Stereoscopic photographs

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A collection of Victorian stereoviews of Clifton Suspension Bridge and other significant bridges from across the globe have been conserved, digitised and made available online thanks to support from The Murless Fund (SANHS) and the Aurelius Charitable Trust. 

In 2018 the archives of Adrian Andrews - an expert in the history of engineering and of the Clifton Suspension Bridge - were donated to the Clifton Suspension Bridge Trust. Within the archives was a collection of over two hundred stereoscopic photographic cards, one hundred of which feature the Clifton Suspension Bridge and the Avon Gorge area. Stereoscopic views were immensely popular from the late 1850s onwards. The technique uses two photographs taken from slightly different angles to replicate human vision; when seen through a viewer the illusion of a 3-D image is created. Within the Collection are images showing the Clifton Suspension Bridge’s abandoned towers and its completion from 1862 to 1864. These offer a rare visual record of its construction. The photographs show workmen atop the towers hauling up 24ft-long wrought iron links, and jib cranes, scaffolding, and other equipment taking materials up and across the Avon Gorge.

The images also document changes on the Bridge after construction, for example, the original kiosk, gas lighting and signage prohibiting trotting. Other images demonstrate the Avon Gorge’s centrality to Victorian Britain: its paddle steamers, ferry, quarry workings, taverns, the Portishead Railway and tourist sites such as Hotwells Baths.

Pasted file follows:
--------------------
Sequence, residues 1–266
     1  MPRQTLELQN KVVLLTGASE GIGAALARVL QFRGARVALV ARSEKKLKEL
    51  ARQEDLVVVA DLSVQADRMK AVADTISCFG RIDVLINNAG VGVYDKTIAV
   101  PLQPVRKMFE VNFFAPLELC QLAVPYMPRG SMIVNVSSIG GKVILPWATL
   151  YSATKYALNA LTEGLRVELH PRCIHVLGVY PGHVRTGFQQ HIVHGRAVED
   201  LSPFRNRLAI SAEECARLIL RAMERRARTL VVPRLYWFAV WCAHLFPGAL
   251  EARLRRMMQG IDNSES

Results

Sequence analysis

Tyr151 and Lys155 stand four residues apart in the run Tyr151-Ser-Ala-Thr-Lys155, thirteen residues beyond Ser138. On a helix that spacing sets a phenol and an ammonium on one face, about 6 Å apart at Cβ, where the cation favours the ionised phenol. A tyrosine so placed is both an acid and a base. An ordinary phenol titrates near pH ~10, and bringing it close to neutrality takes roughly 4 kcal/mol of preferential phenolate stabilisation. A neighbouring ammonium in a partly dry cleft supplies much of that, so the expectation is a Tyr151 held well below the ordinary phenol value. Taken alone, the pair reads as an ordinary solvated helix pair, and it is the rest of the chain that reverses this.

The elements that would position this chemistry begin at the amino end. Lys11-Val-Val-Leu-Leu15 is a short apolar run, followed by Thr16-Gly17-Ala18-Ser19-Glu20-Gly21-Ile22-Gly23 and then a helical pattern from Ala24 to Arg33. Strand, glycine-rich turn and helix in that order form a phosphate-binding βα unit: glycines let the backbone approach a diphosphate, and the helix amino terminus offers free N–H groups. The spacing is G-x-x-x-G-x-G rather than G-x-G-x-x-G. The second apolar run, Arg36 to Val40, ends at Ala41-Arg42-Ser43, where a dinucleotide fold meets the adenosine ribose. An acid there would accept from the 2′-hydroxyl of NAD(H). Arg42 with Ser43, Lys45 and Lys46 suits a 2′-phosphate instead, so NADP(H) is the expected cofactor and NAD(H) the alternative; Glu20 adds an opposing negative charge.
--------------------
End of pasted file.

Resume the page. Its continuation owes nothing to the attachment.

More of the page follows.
The work of local photographers are represented in the collection: for example, Edwin Francis West (1822-1880), son of William West, and owner of the Observatory on the Clifton Downs; J & J Dutton, photographers based in Bath; and John Beattie (1820-1883), who paid a license to sell items from a kiosk on Clifton Suspension Bridge.

As well as being light sensitive, the stereocards were well-thumbed and quite dirty with a few suffering from mould damage. Dirt and mould not only adversely affects the chemical stability of the photographic emulsion and exacerbates fading; it also reduces the quality of any digitised image. This is why it was decided to have the items stabilized and cleaned by a professional photographic conservator before they were digitised.

For more information about the collection please contact Hannah Little, Archivist, email:

The Clifton Suspension Bridge Visitor Centre team is very grateful to The Murless Fund (SANHS) and the Aurelius Charitable Trust for enabling these photographs to be made more accessible for future generations to enjoy.

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